Washington Federal is the state’s second-largest thrift, with assets of $7.17 billion compared with Washington Mutual’s $288.8 billion.

As a veteran of big banks, Whitehead thought it was a typo when he first saw Washington Federal’s impressive efficiency ratio, which measures an institution’s costs as a percentage of revenue.

The efficiency ratio for fiscal 2004 was 18.57 percent, less than a third of the average 57.74 percent for all federally insured institutions during the first nine months of 2004, according to the Federal Deposit Insurance Corp.

Penny pinchers

Whitehead quickly soaked up the penny-pinching culture of Washington Federal, impressing at least one analyst with his frugality.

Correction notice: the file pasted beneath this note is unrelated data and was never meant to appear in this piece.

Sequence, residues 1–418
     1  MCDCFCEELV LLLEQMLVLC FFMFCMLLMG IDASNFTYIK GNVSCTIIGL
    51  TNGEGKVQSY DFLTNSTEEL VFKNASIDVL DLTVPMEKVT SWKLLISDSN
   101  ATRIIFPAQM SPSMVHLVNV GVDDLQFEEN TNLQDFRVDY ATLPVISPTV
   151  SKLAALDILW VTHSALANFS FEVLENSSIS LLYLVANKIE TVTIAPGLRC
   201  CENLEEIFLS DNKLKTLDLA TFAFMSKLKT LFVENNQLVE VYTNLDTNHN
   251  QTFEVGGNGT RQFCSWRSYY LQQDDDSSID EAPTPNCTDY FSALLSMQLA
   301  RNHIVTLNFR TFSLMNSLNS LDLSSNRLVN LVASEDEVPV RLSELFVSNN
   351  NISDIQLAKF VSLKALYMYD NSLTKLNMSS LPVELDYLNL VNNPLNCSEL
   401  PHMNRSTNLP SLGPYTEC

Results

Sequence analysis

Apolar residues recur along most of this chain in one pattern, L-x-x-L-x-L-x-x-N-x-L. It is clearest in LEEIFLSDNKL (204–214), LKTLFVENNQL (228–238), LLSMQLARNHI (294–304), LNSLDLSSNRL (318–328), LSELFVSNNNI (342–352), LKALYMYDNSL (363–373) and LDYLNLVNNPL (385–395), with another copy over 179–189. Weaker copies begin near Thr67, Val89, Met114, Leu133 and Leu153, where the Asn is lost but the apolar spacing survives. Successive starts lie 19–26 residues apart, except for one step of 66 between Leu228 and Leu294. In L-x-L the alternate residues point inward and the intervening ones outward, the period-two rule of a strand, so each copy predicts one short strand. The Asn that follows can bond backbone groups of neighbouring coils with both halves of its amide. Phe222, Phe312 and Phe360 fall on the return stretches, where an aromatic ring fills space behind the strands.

Jamelah Leddy, an analyst at McAdams Wright Ragen, says that when she first met Whitehead, he told her he avoided the high cost of airport parking by hopping a bus downtown to make his flights.


“They are not into flashy perks that are going to cost their shareholders money,” Leddy says, still marveling at the mental image of a bank CEO taking the bus to keep costs low. “They are watching every penny, quite literally.”

Despite having 754 employees and 119 branches in seven states, Washington Federal has fewer than 10 people in its information-technology department.

The thrift saves money in that and other areas largely because its deposit customers — the high-balance, low-transaction kind that banks love — do not demand ATMs, online banking or a 24-hour call center.

They want good interest rates on their deposits and they prefer talking to their bankers in person, according to Whitehead.

No hard sell